Hungary: EU Presidency, but Full of Controversy

Hungary assumes the rotating EU presidency for the first half of 2011. Yet its is mired in controversy, but with the government enjoying a 2/3 majority in parliament, there more pressure is likely to have to be brought to bear on Prime Minister Orban if Hungary is going to adjust its positions.

The controversy is at least threefold. First, the media law, which allows large fines on media organizations for "unbalanced" reports or those that "offend human dignity" is being objected to throughout Europe. Second, the Orban is implementing increases retroactively, in violation of the constitution. The taxes levied on large companies in energy, financial, retail and telecom.

Third, the government has moved to curb the power of the Constitutional Court. This is part of the larger effort of the Orban government putting political appointees in charge of ostensibly independent institutions, including the audit office. It has undermined the independence of the central bank itself by cutting the salary of the president of the central bank and prohibiting him from naming outside members to the MPC. Fourth, the government has effectively nationalized private pension funds, according to press reports.

All three of the rating agencies have negative outlooks, with Fitch joining in with a cut to BBB and negative outlook in mid-December, following the 2011 budget which Fitch said represented a "material worsening" of the underlying medium term budget position. Fitch argued that the revenue from the pension fund and retroactive taxes provided only one-time boost.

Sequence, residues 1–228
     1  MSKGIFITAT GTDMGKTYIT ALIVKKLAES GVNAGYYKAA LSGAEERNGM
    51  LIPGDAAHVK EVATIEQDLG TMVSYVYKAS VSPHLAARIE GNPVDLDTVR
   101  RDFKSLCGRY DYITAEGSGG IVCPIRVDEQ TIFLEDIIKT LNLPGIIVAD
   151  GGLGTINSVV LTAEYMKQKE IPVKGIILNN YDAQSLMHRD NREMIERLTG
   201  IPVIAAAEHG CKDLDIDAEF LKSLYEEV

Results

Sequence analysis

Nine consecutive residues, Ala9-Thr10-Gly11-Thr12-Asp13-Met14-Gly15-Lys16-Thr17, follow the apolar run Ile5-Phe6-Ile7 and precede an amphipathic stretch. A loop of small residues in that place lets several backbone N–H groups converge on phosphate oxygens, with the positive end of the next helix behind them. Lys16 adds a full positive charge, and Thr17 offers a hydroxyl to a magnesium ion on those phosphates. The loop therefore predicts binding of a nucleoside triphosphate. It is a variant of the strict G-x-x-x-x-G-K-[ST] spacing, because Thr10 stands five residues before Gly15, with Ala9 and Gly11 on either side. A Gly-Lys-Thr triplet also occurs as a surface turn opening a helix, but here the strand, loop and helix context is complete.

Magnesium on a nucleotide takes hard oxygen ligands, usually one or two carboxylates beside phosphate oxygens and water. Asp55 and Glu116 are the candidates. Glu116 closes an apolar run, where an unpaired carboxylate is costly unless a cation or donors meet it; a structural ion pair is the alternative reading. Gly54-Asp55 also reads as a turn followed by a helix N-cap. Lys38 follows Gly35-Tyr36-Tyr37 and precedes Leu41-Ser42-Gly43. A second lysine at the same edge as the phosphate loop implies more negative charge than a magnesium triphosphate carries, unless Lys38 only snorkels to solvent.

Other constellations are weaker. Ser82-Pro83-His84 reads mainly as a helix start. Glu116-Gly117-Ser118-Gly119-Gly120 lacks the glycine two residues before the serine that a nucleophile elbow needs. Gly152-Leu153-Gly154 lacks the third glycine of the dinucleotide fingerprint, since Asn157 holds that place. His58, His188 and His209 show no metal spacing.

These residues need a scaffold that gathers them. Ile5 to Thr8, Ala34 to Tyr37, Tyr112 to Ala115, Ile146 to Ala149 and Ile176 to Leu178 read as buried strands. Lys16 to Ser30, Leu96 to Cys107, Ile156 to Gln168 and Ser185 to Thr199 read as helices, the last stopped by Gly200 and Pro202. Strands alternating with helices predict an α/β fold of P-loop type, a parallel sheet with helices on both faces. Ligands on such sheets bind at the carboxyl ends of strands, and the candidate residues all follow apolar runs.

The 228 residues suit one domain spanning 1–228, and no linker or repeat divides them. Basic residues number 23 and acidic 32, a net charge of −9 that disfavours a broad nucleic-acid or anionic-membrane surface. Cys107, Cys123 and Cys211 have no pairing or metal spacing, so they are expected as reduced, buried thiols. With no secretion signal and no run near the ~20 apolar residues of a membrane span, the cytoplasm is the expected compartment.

Credit default swaps on Hungarian debt have risen the most in Europe since Orban was election except for Portugal and Spain.

In the H2 10, the forint rose about 2.4% against the euro. This was about half the gain of the Polish zloty (4.6%) and near the spot return of the Czech koruna (2.8%). However, Hungary's interest rates are much above Poland's and Czech's. So the total return (spot plus interest carry), for a forint position in H2 10 was about 4.75%, compared with 3.25% in krouna and 6.65% return for the zloty.

This illustrates that when all is said and done, the forint has held up better than one would have expected. The underlying political and economic fundamentals have deteriorating. The currency appears vulnerable.
Hungary: EU Presidency, but Full of Controversy Hungary:  EU Presidency, but Full of Controversy Reviewed by Marc Chandler on January 03, 2011 Rating: 5
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